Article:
The Data Analysis course represents for me a sort of a culmination of my online courses. Even since the first one (Artificial Intelligence) it became obvious that statistics and data analysis play a big part in lots of things I am interested in.
I do not consider myself particularly good at math (and this is one of the reasons for me abandoning the University years ago) so I was at the same time wary that the farther I went on the statistics study, the earlier I would hit a math wall.
Luckily for me the present course is very pragmatic and hands-on, and gives you a reasonable set of tools (both technical and mental ones) that allow you to at least make some inwards in exploring diverse data sets looking for interesting patterns.
These two "homework" projects are evaluated by randomly picked students (and you are in turn asked to grade four other people's works) and contribute another 50% of the final score.
Everything is done in "R". While the course provides resources and links to tutorials it should not be considered a "gentle introduction to R". In fact some students complained in the forums about feeling a bit overwhelmed by this. I managed to cope thanks to my programming background and having already used R in a previous course.
Final Result: 89.8% I am a bit saddened because I hoped to get the "distinction" certificate (you have to get at least 90% though). I worked hard at this course (probably more than at any other so far, with the possible exclusion of the AI one).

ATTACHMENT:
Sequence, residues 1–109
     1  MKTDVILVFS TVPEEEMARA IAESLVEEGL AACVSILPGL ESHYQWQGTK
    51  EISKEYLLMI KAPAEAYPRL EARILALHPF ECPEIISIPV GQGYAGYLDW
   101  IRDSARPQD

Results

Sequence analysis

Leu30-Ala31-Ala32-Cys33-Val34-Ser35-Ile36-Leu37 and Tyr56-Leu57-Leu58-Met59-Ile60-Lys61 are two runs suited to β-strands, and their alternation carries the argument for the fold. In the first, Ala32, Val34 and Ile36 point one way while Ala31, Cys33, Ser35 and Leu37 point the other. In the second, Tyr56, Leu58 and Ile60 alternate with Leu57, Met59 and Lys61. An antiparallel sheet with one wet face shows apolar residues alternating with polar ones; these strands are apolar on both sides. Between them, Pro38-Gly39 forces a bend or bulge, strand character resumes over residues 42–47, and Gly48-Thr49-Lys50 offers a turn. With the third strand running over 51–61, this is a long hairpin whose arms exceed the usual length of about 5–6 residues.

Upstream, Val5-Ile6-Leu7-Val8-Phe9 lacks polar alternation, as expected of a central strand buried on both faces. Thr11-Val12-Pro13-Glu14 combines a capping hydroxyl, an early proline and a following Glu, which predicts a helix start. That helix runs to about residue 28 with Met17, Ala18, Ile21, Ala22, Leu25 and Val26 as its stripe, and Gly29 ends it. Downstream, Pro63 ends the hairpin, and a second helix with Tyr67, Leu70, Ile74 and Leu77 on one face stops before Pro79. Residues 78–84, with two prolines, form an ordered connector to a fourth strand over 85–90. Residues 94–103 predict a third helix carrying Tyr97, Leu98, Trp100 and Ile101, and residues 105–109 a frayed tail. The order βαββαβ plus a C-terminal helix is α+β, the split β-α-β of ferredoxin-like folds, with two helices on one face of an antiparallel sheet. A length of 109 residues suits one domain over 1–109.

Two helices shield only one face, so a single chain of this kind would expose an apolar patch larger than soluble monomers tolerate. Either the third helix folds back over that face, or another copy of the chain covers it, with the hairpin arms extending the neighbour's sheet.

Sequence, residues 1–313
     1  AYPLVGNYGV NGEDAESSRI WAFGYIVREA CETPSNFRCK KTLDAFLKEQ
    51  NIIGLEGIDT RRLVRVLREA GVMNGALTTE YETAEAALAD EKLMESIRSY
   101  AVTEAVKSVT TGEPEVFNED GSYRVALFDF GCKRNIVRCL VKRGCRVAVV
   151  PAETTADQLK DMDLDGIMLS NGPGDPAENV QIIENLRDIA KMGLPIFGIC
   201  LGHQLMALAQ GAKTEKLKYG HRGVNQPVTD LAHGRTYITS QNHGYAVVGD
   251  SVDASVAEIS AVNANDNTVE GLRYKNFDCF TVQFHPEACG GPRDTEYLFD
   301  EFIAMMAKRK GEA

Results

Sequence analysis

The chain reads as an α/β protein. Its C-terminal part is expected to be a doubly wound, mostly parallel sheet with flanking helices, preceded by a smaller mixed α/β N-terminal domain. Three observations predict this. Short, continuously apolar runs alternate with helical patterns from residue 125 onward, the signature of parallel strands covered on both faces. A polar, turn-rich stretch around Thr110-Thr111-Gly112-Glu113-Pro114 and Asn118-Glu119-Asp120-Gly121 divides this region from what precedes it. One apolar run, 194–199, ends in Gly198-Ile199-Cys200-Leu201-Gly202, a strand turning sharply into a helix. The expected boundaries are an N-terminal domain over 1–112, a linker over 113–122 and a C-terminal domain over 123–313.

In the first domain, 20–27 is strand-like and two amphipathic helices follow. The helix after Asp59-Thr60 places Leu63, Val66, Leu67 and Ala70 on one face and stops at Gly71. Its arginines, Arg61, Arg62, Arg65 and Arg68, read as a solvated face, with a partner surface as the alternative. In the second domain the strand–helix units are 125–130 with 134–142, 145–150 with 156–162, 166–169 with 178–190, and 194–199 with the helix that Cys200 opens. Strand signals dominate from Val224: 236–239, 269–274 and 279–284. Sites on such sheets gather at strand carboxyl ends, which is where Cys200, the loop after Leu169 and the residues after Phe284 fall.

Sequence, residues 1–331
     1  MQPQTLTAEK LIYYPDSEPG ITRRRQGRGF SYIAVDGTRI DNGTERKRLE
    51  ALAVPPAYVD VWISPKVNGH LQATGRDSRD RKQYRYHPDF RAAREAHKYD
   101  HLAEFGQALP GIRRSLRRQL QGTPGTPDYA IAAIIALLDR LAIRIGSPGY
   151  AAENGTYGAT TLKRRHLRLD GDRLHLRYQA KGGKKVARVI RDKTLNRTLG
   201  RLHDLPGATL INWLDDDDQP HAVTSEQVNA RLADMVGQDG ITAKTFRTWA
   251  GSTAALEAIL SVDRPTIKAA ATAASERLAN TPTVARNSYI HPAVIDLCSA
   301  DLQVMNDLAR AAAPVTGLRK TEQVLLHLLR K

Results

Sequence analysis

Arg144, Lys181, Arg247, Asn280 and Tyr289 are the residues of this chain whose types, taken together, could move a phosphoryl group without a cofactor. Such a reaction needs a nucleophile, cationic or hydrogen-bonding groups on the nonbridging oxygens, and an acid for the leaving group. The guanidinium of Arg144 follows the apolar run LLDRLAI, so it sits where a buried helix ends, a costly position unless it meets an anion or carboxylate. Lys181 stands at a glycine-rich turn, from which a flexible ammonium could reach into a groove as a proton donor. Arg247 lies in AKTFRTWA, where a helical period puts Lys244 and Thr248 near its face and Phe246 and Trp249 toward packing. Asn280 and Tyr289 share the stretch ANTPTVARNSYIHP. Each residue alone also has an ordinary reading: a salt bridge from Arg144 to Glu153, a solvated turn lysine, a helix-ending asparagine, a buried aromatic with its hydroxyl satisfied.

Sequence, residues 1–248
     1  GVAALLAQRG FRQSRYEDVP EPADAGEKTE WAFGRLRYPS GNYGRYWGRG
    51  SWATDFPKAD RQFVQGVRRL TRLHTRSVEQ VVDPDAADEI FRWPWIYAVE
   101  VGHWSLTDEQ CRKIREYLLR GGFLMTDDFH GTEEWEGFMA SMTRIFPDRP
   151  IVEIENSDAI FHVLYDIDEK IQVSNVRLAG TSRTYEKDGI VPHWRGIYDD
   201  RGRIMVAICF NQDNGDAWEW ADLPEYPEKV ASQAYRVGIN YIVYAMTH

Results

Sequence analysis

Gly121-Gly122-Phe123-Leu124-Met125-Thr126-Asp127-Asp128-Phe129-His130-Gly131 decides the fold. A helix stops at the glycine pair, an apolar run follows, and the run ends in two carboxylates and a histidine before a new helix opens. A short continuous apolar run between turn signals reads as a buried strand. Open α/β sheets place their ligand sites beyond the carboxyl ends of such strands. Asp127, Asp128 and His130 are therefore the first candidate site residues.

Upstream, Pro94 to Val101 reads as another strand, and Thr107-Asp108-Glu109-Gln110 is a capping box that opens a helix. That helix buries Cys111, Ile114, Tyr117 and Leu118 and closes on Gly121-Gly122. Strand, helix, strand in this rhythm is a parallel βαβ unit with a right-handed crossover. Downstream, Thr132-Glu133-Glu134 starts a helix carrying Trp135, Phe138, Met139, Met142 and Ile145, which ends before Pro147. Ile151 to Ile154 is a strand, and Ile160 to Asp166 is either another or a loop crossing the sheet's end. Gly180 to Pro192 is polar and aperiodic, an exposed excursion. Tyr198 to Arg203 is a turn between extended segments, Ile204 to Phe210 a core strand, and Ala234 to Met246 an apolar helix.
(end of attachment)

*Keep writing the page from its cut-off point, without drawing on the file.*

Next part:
I am still happy, though - because I really got a sense of accomplishment from this, and I feel confident enough to start looking for opportunities to practice what I learned, and also to learn more.
- The structure of a data analysis (steps in the process, knowing when to quit, etc.)
- Types of data (census, designed studies, randomized trials)
- Types of data analysis questions (exploratory, inferential, predictive, etc.)
- How to write up a data analysis (compositional style, reproducibility, etc.)
- Obtaining data from the web (through downloads mostly)
- Loading data into R from different file types
- Plotting data for exploratory purposes (boxplots, scatterplots, etc.)
- Exploratory statistical models (clustering)
- Statistical models for inference (linear models, basic confidence intervals/hypothesis testing)
- Basic model checking (primarily visually)
- The prediction process
- Study design for prediction
- A couple of simple prediction models
- Basics of simulation for evaluating models
- Ways you can fool yourself and how to avoid them (confounding, multiple testing, etc.)